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Re: Beard Hair structure and effects on colour

  • Subject: [iris-photos] Re: Beard Hair structure and effects on colour
  • From: "irischap" irischapman@netscape.net
  • Date: Mon, 24 Jan 2005 03:14:32 -0000

Neil, do you have references for this I can check out?

The beard hairs as a monofiliment is what I have been thinking but I
would like to have some science reference to refer to. Certainly the 
beard hairs are more transparent then the cell walls of the
epidermis.This structural/transparency would certainly enhance any
pigments inside them. I would think that the same apearance of colour
in epidermal layer would require the same structure. I can't see  that
happening. Just adding more pigment to the cells of the epidermis
would be one step in getting redder iris but we would be missing the
difference in cell structure and the transparency brought about by the
thinner tissue. In addition the beard hairs affect colour perception
by bouncing light from one filimant to another so there is a reduction
of escaping light reflected back to the eye.This would have the effect
of increasing perceived intensity of pigments. 

Chuck Chapman


--- In iris-photos@yahoogroups.com, "Neil A Mogensen" <neilm@c...> wrote:
> Robin, this may show up in the sort by "Thread" far from your entry,
but I did want to respond to your question about the beard, "white to
cream tipped flame" or something close to that phrasing in the
description of F o F. 
> The beard hairs are an extension of epidermal, top layer, cells of
the fall, I think--although I am not totally positive of that.  In
aril species it certainly is so, as the beard hair is of the epidermal
cell, stretched upward, monofiliment--only one cell, which is part of
the epidermis.
> In Eupogons--bearded irises that fall in the classes other than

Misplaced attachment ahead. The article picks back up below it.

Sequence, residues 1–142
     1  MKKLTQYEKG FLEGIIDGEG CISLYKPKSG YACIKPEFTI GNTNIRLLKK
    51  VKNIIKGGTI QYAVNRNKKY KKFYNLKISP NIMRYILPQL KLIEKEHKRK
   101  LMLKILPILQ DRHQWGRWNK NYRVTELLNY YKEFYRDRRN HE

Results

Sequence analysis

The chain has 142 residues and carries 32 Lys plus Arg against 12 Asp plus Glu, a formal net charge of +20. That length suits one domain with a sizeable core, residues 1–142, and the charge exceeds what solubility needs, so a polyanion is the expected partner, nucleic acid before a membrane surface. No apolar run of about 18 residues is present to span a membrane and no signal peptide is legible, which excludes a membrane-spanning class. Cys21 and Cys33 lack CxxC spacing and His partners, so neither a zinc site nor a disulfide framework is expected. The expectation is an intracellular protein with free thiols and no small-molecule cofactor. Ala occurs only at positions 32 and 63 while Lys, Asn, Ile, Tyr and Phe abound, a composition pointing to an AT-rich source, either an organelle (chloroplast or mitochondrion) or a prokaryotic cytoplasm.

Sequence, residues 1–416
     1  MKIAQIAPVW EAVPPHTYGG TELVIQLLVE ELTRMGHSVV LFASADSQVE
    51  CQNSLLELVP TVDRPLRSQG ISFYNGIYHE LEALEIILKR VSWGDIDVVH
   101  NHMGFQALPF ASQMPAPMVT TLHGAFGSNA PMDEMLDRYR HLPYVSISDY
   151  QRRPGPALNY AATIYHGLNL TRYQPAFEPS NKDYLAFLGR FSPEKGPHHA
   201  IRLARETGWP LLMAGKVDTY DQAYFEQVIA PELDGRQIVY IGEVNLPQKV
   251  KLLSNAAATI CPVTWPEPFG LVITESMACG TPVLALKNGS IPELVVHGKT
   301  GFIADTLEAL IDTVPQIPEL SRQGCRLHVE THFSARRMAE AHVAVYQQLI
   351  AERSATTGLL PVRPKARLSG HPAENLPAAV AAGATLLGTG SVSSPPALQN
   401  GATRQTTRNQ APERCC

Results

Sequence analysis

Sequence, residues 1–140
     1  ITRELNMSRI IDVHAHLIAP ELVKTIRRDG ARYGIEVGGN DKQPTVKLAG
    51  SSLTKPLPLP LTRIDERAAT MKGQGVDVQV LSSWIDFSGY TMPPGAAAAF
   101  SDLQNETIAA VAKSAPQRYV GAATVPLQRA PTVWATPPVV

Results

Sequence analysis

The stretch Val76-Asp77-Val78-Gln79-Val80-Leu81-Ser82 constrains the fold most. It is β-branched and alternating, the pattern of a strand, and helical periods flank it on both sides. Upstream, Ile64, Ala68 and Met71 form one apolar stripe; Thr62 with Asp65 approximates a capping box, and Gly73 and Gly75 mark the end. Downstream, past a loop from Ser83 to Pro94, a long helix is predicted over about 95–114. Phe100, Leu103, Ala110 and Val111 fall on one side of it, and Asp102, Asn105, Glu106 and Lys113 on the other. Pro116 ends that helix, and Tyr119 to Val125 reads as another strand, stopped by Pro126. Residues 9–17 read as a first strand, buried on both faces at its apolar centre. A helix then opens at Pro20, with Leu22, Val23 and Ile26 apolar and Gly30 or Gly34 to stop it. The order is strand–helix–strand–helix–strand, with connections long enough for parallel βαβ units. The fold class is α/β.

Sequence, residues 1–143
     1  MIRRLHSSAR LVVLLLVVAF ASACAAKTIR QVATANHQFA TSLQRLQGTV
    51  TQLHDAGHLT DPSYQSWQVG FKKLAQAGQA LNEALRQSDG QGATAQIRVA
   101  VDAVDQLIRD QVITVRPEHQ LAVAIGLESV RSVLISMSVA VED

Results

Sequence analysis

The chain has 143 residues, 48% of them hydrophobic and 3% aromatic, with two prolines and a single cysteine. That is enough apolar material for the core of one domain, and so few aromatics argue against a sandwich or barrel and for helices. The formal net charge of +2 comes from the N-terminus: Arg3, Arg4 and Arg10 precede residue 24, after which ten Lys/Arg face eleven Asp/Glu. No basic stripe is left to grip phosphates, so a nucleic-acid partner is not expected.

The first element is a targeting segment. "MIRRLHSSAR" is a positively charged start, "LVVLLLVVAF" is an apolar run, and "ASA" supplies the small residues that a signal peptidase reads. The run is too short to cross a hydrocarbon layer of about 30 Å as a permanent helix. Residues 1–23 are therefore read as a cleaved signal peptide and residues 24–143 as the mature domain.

aril--the beard hairs are shaped like a baseball bat, standing on the
handle end.  They are composed of many cells, probably all epidermal
in origin.
> All the cells of the iris, all the way from the remotest root tip to
the tip of the standards, have the same genetic makeup.  
> What gets expressed, however, in any one cell depends on which genes
are switched on, which are switched off.  An obvious example of this
is that in normal development, you aren't going to see standards
growing out of roots, or leaves emerging where the style arms are
supposed to be.
> We have pretty much ignored the whole question of switching
mechanisms and control in our discussions of color, but in any iris,
any color variation from part to part has to do precisely with those
mechanisms.  Switching on, switching off "genes"--control genes--are
what make plicata and luminata patterns possible, for example.
> In beards, there must be similar mechanisms that make beard hairs
different colors front to back of the beard, bottom to top of the
beard hair.  In a hair or beard filament if the base is white, the
middle is yellow, the tip is "flame," which may or may not be Lycopene
present, what may be going on is that synthesis of carotenoids is
suppressed entirely somewhere in a colorless part of the synthesis
pathway.  In the yellow part I would assume, based on what Chuck
Chapman has suggested, the synthesis proceeds to either a xanthophyll
or beta-Carotene pigment, with the tip either containing some
Lycopene, or more likely a heavy concentration of various yellow to
richer than yellow Carotenes and/or Xanthophylls.  If tangerine
(Lycopene) "tttt" is present, I would expect to see something more
definite than what is in the "flame" description.  Many non "tttt"
varieties have a hot color in the deepest part of the throat in the
beard tips.  
> I'd love to see a pigment analysis of those beard tips.  The result
could be quite interesting.
> Neil Mogensen  z 7 western NC mountains

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